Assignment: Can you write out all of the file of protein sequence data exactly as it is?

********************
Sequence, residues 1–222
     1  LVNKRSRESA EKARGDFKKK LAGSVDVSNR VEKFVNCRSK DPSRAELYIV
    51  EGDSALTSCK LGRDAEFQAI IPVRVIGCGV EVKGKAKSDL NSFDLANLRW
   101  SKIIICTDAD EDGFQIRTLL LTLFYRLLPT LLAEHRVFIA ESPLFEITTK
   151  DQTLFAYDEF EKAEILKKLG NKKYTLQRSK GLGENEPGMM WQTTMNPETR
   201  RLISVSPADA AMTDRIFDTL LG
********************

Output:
Sequence, residues 1–222
     1  LVNKRSRESA EKARGDFKKK LAGSVDVSNR VEKFVNCRSK DPSRAELYIV
    51  EGDSALTSCK LGRDAEFQAI IPVRVIGCGV EVKGKAKSDL NSFDLANLRW
   101  SKIIICTDAD EDGFQIRTLL LTLFYRLLPT LLAEHRVFIA ESPLFEITTK
   151  DQTLFAYDEF EKAEILKKLG NKKYTLQRSK GLGENEPGMM WQTTMNPETR
   201  RLISVSPADA AMTDRIFDTL LG